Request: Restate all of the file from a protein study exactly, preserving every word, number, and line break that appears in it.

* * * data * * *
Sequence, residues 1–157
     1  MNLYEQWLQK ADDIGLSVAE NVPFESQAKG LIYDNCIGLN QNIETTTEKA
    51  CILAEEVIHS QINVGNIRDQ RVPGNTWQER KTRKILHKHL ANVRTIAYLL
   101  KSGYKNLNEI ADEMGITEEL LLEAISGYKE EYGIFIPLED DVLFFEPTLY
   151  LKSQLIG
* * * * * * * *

Sequence, residues 1–157
     1  MNLYEQWLQK ADDIGLSVAE NVPFESQAKG LIYDNCIGLN QNIETTTEKA
    51  CILAEEVIHS QINVGNIRDQ RVPGNTWQER KTRKILHKHL ANVRTIAYLL
   101  KSGYKNLNEI ADEMGITEEL LLEAISGYKE EYGIFIPLED DVLFFEPTLY
   151  LKSQLIG